The Container LogTech predictions report for 2023:
- Inflation to lower consumer confidence even further
- A year of worker strikes gone, another to come
- New container ships in 2023-2024
- Equipment surplus to cause ripple effects in Q1
- Congestion at depots to stay throughout Q1
- Container storage fees and other fines to rise
- Plummeting freight rates will rise but not soon
- Market volatility to cause a price war
- Contract rates to remain low, pulled down by spot rates
- Trucking rates to suffer
- Air freight market to decline
- Carriers to cut capacity, bring back balance
“The overall outlook for the year 2023 for the supply chain industry remains challenging. Europe is hit hard with all-time high inflation; China struggles to cope with the virus and the US continues to witness hinterland transportation challenges and labour unrest,” said Christian Roeloffs, cofounder and CEO, Container xChange.
He conceded that most of these challenges will stay in 2023 but believed that any consumer confidence pick-up will depend on whether we witness more disruptions in the coming times.
Inflation and recession worries
Most of the experts surveyed foresee that inflation and recession will have a greater impact this year and will be the biggest driver of disruptions.
“Due to inflation increasing, there’ll be more unrest in the labour market which will certainly lead to more strikes, specifically in Europe, the UK and North America. And as we have seen before, strikes result in slow operations within the port which can exacerbate supply issues,” said Aamir S. Mir, chief operating officer of the Caspian Container Company SA.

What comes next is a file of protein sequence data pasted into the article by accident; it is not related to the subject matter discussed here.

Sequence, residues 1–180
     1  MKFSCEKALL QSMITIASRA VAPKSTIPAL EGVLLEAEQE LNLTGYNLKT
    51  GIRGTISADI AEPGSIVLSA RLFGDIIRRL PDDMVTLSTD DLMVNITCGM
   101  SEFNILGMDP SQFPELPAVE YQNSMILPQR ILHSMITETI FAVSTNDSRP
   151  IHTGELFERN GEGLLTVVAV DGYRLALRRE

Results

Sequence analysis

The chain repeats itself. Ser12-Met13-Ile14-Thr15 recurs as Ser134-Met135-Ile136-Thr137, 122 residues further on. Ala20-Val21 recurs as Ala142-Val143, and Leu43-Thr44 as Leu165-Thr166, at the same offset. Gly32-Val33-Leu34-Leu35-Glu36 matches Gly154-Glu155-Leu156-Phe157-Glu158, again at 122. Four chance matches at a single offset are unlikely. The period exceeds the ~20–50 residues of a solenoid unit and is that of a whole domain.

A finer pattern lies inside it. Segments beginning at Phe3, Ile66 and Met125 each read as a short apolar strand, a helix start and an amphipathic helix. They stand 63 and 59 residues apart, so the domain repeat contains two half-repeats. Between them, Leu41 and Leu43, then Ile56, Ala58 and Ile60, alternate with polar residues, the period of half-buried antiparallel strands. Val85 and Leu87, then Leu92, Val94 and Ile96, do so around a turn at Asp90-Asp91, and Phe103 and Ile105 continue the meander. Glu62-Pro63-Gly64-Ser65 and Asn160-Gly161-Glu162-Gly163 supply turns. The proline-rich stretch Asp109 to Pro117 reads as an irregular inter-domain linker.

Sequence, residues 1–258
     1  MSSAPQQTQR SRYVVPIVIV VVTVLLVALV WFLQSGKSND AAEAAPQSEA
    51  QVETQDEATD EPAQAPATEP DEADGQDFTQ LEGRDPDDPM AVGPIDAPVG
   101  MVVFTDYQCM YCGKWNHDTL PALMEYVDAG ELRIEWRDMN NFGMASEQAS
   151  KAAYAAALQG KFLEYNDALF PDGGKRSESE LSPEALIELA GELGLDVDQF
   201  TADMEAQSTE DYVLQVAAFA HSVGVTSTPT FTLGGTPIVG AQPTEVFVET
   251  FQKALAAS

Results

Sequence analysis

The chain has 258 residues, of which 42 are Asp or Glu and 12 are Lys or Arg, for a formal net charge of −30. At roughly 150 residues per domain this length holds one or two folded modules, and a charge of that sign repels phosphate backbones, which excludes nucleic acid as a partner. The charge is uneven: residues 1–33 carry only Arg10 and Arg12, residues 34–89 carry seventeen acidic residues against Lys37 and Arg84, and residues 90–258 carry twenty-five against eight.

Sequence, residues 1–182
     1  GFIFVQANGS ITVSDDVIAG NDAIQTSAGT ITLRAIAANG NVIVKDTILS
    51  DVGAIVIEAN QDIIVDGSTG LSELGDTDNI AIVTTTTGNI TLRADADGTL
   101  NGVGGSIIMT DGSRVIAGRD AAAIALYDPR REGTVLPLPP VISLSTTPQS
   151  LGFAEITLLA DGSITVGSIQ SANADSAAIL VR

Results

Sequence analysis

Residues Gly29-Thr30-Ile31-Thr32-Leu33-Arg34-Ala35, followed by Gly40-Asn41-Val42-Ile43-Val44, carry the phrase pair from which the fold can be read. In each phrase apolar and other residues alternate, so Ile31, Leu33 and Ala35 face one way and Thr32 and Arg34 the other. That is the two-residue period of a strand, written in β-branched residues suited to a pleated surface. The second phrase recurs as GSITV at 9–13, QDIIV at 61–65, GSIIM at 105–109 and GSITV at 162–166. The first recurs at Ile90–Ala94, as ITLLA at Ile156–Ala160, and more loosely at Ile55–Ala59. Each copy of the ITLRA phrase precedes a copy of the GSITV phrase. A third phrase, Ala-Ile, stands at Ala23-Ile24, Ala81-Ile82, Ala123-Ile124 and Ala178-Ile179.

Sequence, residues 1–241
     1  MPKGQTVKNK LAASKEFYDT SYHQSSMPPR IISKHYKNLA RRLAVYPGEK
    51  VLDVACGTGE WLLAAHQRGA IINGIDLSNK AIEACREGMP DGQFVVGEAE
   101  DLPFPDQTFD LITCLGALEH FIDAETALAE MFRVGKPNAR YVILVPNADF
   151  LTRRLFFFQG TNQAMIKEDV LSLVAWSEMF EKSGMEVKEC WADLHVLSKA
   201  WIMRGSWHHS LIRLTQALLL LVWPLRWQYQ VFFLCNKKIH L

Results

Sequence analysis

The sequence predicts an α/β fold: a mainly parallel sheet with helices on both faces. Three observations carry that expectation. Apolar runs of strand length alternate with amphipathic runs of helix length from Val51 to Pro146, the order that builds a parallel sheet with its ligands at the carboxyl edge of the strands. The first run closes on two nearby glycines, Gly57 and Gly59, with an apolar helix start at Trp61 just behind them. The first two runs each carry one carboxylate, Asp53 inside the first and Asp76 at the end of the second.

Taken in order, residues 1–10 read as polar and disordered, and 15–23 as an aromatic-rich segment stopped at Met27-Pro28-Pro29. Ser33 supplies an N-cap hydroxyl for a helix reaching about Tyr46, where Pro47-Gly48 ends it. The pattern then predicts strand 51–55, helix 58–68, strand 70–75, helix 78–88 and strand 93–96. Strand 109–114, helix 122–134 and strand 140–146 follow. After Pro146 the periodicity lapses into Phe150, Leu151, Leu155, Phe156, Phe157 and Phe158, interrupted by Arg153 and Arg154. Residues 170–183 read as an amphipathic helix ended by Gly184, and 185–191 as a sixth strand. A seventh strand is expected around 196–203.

Talking of rates, the report further predicts that the long-term shipping contract rates will see an uptick in 2023, though gradually. This slow increase applies to all modes of transport. With negotiations going on to bring contract rates in line with spot rates, a reset is expected.
On the other hand, until there is a balance reached between supply and demand, forwarders will favour short-term contracts until the rates stabilize. The report posited that freight forwarders will employ a ‘wait and see’ approach before making any long-term air cargo capacity commitments particularly.
Trucking rates for both dry and reefer cargo will continue to drop in 2023. Freight tonnage will continue to contract as market conditions and volumes return to pre-pandemic numbers.
The unresolved worker strikes continue
Furthermore, the chances of new strikes coming up are high due to inflation-related rises in prices putting pressure on workers’ disposable incomes. Labour dissatisfaction might grow in European and North American economies. In that case, it will cause disruptions in global supply chains.
“Two, almost three exceptional years for carriers are definitely coming to an end. They will have to adapt back to lower margins due to a different supply and demand balance,” said Ruben Huber, Founder and Director, OceanX Network.
He added that many customers, forced into high-cost contracts during the up-cycle, will come for revenge in the downcycle. He also believed that following excessive profits, regulators such as the FMC, EU or China’s MOC will be reviewing alliance exemptions, new taxation regulations, or precedence cases from several complaints raised by shippers at different institutions.
Other predictions for 2023
The report further covers the growing expectation of 3PL (third-party logistics) market to solidify in 2023. Reportedly, it’s projected to reach US$1,789.74 billion by 2027.
Another key trend on the list is the digital transformation of the industry. In the years to come, the adoption of digital technologies in shipping will focus on vessel schedules, intuitive booking interfaces, instant slot booking, and capacity confirmations. Here, the industry’s primary concern will be on having systems interact directly via automating the Data-Analysis-Decision-Action cycle.